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Living Love as a Caregiver

Three pieces of advice from a family whose roles changed overnight.


Everything changed for us on October 24, 2001. That’s the day my father had his first stroke. Like a thief, it came in the middle of the night, stealing my father’s speech, mobility, memory and independence.

Dad had worked hard all of his life in order to enjoy his golden years, but as he lay in the hospital bed, unable to speak or move his right side, those golden years began to tarnish before our eyes.

We called on our church family and friends to pray for him. My sister, brother and I tried to remain strong for our Mom. Then, miraculously, Dad’s speech returned and so did most of his mobility. He was once again able to use his right side without much help.

After just a few days, he was home—almost as good as new. Life was back to normal, but that was short-lived. In November, right before my 33rd birthday, my father suffered a second stroke. This one, a bit more severe.

It stole some of his reasoning functions and his ability to swallow, necessitating the need for a feeding tube in his stomach.

So, we celebrated my birthday, Thanksgiving, Christmas and New Year’s gathered around my father’s hospital bed. Finally, after many weeks, Dad was able to come home.

Then came stroke number three, just a month later.

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Once again, we found ourselves at the hospital—tired, fearful and hopeless. We had nowhere else to look but to God. Though Dad’s peripheral vision and short-term memory functions were attacked, we praised God that Dad was still with us. After only a few weeks, he was back home.

We celebrated his homecoming, but this time we knew that life would never be the same. We found ourselves in a situation that no one had prepared us for. My mother went from being a wife to a caregiver.

My siblings and I went from asking Dad home-buying advice to helping him remember his address. It was a journey we never wanted to take—a role reversal we never asked for—but a calling we were more than willing to answer.

It was simple, really. We loved and honored my Dad, and we were willing to do whatever it took to keep him in the comfort of his own home. With that decision made, we learned the ins and outs and ups and downs of caregiving.

Maybe you’re in the same situation or you know someone who is. More than likely, you fall into one of these categories because approximately 22.4 million households currently provide physical and emotional assistance to friends and relatives age 50 and older, according to the National Alliance of Caregiving.

It’s a reality.

So, what can we do?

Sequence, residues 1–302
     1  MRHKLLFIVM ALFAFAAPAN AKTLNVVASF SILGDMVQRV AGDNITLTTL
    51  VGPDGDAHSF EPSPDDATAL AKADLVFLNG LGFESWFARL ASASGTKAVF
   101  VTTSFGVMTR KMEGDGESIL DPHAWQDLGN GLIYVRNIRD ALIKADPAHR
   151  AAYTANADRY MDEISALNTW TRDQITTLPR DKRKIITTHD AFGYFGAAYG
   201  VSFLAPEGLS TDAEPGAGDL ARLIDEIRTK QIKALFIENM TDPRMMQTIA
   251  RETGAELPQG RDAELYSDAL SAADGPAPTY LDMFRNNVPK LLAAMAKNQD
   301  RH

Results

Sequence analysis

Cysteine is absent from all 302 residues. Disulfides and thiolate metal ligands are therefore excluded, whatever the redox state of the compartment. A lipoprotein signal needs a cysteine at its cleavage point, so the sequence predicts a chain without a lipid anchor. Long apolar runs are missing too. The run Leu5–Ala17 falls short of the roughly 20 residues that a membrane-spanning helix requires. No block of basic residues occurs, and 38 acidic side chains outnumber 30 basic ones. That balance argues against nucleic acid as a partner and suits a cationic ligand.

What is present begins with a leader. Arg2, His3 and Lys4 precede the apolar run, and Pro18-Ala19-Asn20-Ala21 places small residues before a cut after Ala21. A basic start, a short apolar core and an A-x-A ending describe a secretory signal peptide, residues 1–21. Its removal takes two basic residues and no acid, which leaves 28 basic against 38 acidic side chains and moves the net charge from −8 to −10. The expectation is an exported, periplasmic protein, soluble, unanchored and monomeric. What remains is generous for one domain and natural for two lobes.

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We can pray for one another and offer advice from our own experiences.

Here are three pieces of advice from our family:

1)  Become an investigative reporter.
When my father began having strokes, I read everything I could find about treatment, solutions, medicines, prevention and long-term effects. I wanted to know the differences in the various blood-thinning medications available to him. I wanted to know what to expect. I wanted to know how I could best help my Dad.


It’s also a good idea to write down any questions that you or your family may have and take those questions to the next medical appointment. Find out about the various treatments available for your loved one and discuss the pros and cons of each one. And make sure to include the care receiver in the decision-making process, if at all possible.

2)  Read the Word and additional inspirational books.
In order to be an effective caregiver and continue to give, you have to be filled! So make sure you carve out time for the Word of God and prayer.

Also, I found it helpful to read books specifically for caregivers—it let me know that our family wasn’t alone and the feelings we often expressed were very normal. Because You Care: Spiritual Encouragement for Caregivers by Cecil Murphey and Twila Belk, and My Turn to Care: Encouragement for Caregivers of Aging Parents by Marlene Bagnull will offer great encouragement on the days you need it most.

3)  Live the love every day.
I once read where caregivers should see their caregiving duties as an opportunity to enhance their loved ones’ golden years. Did I enhance my father’s golden years every time it was my turn to stay with him?

I don’t know, but I have learned this—if you live what First Corinthians 13 says, you’ll be the best caregiver you can be. Because you need to know that “love is patient” when your Dad asks you the same question 25 times in a row. 

You need to know that “love always hopes” when they tell you that your father might not make it through the night. You need to know that “love never fails” even when you do. So, live the love chapter and let the caring continue.

Pray this with me:

Father, please help me to be the best caregiver I can be and help me to love like You love every single day—even on the hardest of days. I trust You, and I’m so thankful that I can lean on You when the pressure is too great. I love You, God. In the Mighty Name of Your Son, Jesus, Amen.

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